Diary of Charles Francis Adams, volume 4

Monday. 16th.

Wednesday. 18th.

Tuesday. 17th. CFA


Tuesday. 17th. CFA
Tuesday. 17th.

Another very agreeable morning. I went to the Office as usual but owing to the want of a book again wasted my time. My last number appeared in the Daily Advertiser this morning and adds one more to the list of my labours of love. I wrote my Journal and went over Accounts which with more than an hour consumed in other occupations out, as going to the Athenaeum and Commissions for my Wife, on the whole made away with the time.

Mr. Brooks and Mr. Frothingham dined with me upon venison and we had a very pleasant time. The former incidentally asked me who was the Author of the numbers upon the Treasury Report in such a 223manner as to be highly flattering to me. On the whole this little trifle pays me for the labour I have taken. After dinner, I read the first book of the Rhetoric to Herennius and found it a meagre summary of the various Works of Cicero, having little or nothing original to recommend it.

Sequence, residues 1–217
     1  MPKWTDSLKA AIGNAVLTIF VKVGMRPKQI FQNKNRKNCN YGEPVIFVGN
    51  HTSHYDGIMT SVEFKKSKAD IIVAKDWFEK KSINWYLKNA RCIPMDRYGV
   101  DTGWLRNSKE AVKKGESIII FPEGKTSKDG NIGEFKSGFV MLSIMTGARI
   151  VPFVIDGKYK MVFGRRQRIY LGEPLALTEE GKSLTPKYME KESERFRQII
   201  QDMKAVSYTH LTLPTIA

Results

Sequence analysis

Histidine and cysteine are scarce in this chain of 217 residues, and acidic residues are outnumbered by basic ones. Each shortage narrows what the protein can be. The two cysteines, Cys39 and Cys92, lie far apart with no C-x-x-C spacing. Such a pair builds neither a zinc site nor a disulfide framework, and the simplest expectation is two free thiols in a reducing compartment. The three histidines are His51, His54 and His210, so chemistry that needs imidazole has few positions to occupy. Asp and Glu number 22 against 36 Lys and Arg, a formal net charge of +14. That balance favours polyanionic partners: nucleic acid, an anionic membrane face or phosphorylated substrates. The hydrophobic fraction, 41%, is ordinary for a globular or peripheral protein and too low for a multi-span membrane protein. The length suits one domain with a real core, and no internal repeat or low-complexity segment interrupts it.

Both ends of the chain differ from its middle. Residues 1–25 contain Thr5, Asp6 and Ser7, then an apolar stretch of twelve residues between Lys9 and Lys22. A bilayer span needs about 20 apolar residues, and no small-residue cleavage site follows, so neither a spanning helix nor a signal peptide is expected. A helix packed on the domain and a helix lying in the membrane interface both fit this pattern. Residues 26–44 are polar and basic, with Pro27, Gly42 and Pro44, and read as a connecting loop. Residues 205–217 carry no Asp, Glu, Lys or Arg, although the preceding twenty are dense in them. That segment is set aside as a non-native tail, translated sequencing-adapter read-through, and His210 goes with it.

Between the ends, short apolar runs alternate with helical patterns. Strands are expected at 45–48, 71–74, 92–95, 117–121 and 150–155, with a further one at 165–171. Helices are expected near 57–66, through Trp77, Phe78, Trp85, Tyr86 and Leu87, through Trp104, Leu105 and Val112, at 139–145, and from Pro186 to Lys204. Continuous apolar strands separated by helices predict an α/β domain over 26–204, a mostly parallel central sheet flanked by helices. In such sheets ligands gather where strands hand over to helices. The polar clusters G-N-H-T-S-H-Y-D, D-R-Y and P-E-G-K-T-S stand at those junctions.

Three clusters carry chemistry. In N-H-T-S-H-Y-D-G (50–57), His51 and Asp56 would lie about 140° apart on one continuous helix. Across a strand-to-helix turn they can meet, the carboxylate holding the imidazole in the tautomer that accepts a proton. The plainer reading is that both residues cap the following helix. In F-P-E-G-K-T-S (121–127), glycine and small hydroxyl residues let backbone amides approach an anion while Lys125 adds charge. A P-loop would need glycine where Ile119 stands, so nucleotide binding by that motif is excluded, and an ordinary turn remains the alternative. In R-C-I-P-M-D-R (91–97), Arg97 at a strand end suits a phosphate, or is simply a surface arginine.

Evening. Read to my Wife a part of a Canterbury Tale. After which I read over the 21st Book of the Iliad and began a short biography of Fuseli the Painter.1 Nothing further excepting the usual numbers of the Guardian.


That contained in John Knowles, Life and Writings of H. Fuseli, 3 vols., London, 1831, which work consisted largely of Fuseli’s lectures. See above, entry for 8 Nov. 1831; below, that for 22 January.